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Oozing Wound Dish Out Halloween-Friendly Nihilism

Oct. 11, 2016
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Photo by Joe Martinez Jr.

One of the best things about the Halloween season is that pop culture as a whole takes a turn toward the unusual and extreme, including the mix of bands coming to town, to the point where certain acts become something of a seasonal ritual (god only knows what GWAR gets up to in February; one assumes it’s something badass). The last few years, that’s certainly been true of Chicago stoner-thrash outfit Oozing Wound, whose pummeling, ostensibly macabre sound is almost tailor-made for the holiday. However, to hear bandleader Zack Weil tell it, the timing is less marketing and more serendipity. 

“It’s just what always happens,” says Weil, attempting to explain how each of their three LPs, including the new Whatever Forever, all happen to have come out so close to Halloween. “I mean, I’m all about October, so no problems here. I think it’s funny though,” he says. He still seems to understand how others could see it as more than coincidence, considering the darkness and frustration that infuses their music. “Everything’s so infuriating and aggravating,” Weil says of the band’s nihilistic streak, “I mean, I don’t even know how to grapple with most of the major issues that exist right now.”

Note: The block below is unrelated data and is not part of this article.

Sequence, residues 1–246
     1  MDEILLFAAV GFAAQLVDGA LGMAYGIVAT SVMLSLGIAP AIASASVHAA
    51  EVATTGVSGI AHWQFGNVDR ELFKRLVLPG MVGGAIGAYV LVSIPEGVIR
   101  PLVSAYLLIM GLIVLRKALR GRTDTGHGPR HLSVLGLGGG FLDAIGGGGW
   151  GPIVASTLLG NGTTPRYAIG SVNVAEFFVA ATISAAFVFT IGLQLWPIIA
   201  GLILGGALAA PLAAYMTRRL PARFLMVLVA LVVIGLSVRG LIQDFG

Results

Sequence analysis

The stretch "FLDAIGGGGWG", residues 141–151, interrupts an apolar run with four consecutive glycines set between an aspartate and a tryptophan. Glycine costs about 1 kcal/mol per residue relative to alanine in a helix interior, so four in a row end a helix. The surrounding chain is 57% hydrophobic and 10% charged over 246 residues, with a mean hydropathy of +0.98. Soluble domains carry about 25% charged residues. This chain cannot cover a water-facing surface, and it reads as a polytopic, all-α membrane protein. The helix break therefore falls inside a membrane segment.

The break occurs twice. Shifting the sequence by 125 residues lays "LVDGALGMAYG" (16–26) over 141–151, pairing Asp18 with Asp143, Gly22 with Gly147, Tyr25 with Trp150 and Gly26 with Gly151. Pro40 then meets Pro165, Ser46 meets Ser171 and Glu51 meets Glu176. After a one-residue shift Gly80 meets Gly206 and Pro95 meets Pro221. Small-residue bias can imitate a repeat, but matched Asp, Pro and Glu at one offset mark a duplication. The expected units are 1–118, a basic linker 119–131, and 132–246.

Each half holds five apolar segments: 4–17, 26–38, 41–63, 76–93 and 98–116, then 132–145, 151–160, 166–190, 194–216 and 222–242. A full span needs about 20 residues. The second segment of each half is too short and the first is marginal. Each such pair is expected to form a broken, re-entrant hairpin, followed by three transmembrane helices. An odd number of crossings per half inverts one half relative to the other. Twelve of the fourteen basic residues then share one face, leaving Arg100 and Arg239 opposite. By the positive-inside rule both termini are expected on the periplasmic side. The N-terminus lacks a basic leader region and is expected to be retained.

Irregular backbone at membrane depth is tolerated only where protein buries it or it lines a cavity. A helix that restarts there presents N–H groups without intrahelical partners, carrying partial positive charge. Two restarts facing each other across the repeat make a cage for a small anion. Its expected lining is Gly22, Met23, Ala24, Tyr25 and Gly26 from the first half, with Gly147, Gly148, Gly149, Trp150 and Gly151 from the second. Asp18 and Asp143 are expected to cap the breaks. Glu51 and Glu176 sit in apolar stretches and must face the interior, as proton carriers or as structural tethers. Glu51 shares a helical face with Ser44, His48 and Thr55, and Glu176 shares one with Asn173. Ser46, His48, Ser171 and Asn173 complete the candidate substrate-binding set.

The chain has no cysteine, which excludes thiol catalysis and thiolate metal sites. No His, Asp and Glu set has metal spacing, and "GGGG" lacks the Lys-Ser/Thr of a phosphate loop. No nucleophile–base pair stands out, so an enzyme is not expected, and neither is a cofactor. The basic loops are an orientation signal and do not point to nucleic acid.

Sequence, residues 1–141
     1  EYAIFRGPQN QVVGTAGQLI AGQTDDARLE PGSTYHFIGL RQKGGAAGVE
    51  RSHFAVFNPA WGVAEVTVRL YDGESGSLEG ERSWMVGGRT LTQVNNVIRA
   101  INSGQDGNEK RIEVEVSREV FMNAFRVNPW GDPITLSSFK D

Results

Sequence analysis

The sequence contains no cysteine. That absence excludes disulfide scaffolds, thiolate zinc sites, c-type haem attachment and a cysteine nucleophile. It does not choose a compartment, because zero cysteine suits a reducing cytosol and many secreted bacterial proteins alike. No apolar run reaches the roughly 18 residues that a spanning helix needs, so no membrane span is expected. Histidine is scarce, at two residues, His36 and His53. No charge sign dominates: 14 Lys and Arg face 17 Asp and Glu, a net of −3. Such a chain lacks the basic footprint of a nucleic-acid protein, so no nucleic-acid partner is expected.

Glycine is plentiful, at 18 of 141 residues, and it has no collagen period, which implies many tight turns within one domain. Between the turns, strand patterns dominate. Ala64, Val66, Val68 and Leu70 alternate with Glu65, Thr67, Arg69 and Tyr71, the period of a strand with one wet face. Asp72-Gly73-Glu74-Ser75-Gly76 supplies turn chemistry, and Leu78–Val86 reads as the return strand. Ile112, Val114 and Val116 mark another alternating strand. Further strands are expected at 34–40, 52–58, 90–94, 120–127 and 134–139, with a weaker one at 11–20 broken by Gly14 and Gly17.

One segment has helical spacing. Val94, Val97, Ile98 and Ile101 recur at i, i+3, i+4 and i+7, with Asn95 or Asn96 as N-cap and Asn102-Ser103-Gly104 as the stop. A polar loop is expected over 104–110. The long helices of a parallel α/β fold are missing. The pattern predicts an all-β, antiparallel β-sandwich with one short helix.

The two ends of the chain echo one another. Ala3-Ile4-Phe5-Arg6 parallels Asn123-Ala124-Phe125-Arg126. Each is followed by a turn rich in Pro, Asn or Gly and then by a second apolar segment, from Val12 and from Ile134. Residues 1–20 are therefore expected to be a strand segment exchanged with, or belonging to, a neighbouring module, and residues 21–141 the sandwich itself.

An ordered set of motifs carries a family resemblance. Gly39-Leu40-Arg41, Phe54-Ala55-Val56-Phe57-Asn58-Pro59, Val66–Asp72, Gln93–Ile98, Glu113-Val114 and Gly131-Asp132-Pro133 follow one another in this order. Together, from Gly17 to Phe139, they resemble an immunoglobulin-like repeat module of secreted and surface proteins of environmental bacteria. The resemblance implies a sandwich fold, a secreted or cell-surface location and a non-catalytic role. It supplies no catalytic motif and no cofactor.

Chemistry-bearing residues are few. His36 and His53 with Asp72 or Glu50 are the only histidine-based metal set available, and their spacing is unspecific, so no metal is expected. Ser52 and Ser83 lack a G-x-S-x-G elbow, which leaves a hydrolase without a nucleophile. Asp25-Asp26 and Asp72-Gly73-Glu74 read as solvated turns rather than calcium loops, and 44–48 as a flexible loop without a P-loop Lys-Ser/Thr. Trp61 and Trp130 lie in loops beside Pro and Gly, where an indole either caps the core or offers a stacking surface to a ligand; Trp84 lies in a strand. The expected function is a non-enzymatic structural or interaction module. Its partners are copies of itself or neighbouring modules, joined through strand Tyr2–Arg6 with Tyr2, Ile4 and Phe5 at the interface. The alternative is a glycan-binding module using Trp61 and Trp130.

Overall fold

Yet, while there’s no shortage of gloom-laden riffs and speed-freak solos, what really makes Oozing Wound so enjoyable—and what sets them apart from legions of other metal artists—is that they never take themselves too seriously. “I’m not trying to be a joke band or anything, but at the same time my entire sense of humor and personality has that sardonic, sarcastic way of dealing with shit; it’s the only way I can deal with reality,” says Weil. “There’s been a kind of detachment that allows me to write songs without that weird pressure some people put on themselves.”

As if there weren’t enough reasons to check the band out, they’ve also recently enlisted Milwaukee’s own Casey Marnocha, former drummer of defunct local favorites Catacombz, to take over for founding member Kyle Reynolds. “I don’t know what we would have done if he hadn’t found us; he’s amazing,” says Weil, “We’ve already started working on new material and he’s got good ideas, so I think it’s going to be a really smooth transition. Most people probably won’t even realize there is a new drummer. I’ve actually already read like three things that say Casey is on the new record.” 

While Marnocha is not included on the release, the LP does come complete with a full comic book from Chicago artist and Oozing Wound’s go-to designer Sam Nigrosh. “Sam the man!” says Weil. “He has done basically every piece of artwork that we have, but he’s been more focused on comics recently. The man’s a genius; anybody who doesn’t realize it is a fool.” As far as vinyl-only incentives go, it’s persuasive, and of course there’ll likely be plenty on hand when they make their yearly visit this Thursday at the Riverwest Public House. Wouldn’t be a proper October without them.

Oozing Wound play the Riverwest Public House on Thursday, Oct. 13 with Platinum Boys, Christmas Bride and Powerwagon at 9 p.m. The cover is $5.

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